The right to protections against discrimination.
Federal law makes it illegal for qualifying employers (see jurisdictional thresholds for OFCCP and coverage for EEOC) to discriminate against a job applicant or an employee because of the person’s race, color, religion, sex (including pregnancy), gender identity, sexual orientation, national origin, age (40 or older), disability, genetic information, citizenship or immigration status, or service member or veteran status. For employers who are federal contractors and subcontractors, it is also illegal to discriminate against those who inquire about, discuss, or disclose their compensation or that of others, subject to certain limitations.
Employment discrimination may also occur when an employer’s seemingly fair policies or practices have a significant negative impact on people because of a protected characteristic without demonstrating the policies or practices are job-related and consistent with business necessity. For example, an employer may screen applicants with strength requirements (e.g., a need to lift 50 pounds unassisted) that exceed the actual requirements necessary to perform the job in question, and result in disqualifying more women than men. Unless the employer can show that such practices are related to the job and necessary for the business, then the employer may be discriminating.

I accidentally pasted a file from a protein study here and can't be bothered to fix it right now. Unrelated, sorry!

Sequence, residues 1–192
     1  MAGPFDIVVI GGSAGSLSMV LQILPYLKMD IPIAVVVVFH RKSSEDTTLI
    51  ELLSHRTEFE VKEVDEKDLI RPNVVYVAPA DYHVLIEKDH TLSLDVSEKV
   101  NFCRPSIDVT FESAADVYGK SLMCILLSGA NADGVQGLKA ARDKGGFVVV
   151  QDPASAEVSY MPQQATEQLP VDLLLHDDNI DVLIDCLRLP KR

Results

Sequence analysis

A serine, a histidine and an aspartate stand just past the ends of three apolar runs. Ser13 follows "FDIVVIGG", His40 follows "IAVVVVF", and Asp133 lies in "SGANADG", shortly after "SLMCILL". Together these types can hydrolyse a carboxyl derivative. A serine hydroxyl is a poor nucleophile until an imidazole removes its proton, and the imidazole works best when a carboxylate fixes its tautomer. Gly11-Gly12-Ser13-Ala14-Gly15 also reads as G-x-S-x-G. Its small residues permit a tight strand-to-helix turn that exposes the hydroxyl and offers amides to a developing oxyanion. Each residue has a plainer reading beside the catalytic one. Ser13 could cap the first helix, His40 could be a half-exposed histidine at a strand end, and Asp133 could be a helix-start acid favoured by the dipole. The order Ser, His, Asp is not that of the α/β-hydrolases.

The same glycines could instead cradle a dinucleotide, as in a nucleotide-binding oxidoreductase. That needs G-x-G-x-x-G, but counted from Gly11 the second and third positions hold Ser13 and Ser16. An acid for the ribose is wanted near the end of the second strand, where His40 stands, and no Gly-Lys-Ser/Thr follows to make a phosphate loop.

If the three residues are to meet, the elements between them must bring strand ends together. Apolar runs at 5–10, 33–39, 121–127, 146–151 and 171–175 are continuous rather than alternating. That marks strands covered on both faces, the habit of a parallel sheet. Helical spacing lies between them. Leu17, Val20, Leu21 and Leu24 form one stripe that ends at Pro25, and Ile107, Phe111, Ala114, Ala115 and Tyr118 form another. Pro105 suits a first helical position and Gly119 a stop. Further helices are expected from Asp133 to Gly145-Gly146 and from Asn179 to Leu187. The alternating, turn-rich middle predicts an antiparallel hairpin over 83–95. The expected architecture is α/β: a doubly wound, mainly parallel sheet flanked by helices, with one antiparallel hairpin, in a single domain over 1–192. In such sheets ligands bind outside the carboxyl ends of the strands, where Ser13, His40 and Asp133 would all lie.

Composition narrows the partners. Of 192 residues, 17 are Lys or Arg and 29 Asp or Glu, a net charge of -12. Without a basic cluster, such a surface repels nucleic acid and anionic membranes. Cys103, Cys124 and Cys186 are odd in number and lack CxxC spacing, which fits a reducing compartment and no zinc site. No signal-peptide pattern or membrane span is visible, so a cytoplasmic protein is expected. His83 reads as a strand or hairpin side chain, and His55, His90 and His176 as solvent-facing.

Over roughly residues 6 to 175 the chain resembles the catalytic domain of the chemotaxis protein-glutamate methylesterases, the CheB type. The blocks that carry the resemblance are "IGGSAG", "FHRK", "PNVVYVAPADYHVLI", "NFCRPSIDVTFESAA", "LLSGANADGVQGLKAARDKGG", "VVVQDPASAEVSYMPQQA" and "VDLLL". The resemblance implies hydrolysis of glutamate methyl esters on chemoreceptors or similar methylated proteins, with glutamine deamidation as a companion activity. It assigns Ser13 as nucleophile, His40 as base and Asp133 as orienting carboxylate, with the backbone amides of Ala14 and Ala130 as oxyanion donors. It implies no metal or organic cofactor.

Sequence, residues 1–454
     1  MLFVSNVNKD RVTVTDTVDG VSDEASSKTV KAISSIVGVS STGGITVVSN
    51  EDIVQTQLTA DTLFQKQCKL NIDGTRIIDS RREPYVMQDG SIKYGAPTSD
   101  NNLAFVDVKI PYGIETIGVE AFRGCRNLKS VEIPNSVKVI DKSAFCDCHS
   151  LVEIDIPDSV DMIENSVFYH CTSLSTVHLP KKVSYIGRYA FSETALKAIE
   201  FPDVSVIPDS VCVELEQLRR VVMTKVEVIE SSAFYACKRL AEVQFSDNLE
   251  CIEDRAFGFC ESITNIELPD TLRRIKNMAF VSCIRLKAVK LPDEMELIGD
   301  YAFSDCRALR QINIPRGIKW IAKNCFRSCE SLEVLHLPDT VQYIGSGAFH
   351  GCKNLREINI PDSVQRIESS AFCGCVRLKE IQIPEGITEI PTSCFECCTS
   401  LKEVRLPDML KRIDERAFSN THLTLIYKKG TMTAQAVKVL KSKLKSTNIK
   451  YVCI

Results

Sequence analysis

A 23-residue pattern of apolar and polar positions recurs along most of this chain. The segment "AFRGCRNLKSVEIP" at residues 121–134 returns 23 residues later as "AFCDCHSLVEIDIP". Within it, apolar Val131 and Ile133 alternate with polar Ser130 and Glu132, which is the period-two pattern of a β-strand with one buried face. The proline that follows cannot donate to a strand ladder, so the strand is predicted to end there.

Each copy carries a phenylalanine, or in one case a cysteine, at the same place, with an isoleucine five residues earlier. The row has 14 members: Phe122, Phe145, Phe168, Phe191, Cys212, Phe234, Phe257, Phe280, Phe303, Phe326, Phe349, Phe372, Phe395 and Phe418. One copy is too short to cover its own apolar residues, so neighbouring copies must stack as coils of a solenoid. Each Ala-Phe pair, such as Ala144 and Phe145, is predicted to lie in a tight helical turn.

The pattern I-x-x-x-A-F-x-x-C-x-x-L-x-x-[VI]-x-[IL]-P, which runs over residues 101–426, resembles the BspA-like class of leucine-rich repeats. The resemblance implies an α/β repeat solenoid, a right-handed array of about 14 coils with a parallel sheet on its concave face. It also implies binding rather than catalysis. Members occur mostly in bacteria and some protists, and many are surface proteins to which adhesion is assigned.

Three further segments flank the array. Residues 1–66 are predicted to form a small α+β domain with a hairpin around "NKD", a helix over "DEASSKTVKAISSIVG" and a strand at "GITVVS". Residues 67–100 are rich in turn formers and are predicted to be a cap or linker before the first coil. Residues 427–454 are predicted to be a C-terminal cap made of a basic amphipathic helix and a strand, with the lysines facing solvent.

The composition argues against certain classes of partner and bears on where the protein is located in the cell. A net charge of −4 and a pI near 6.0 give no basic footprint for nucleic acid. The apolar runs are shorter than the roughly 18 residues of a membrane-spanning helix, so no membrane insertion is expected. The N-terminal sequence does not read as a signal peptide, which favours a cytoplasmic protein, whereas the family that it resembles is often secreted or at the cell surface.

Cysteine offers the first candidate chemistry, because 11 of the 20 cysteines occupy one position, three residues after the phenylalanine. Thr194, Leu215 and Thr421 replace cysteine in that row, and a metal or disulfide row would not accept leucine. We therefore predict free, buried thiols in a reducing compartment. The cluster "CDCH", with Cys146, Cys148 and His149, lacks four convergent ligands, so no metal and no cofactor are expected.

Discrimination can also occur when you and the person who discriminated against you share a protected characteristic like race or national origin.
You generally have a right to protection from discrimination regardless of your immigration status, although, in some cases, immigration status may limit the remedies that you’ll be able to obtain.
Tell us about your concern, so you can learn about your rights and find out whom to contact if you need more information.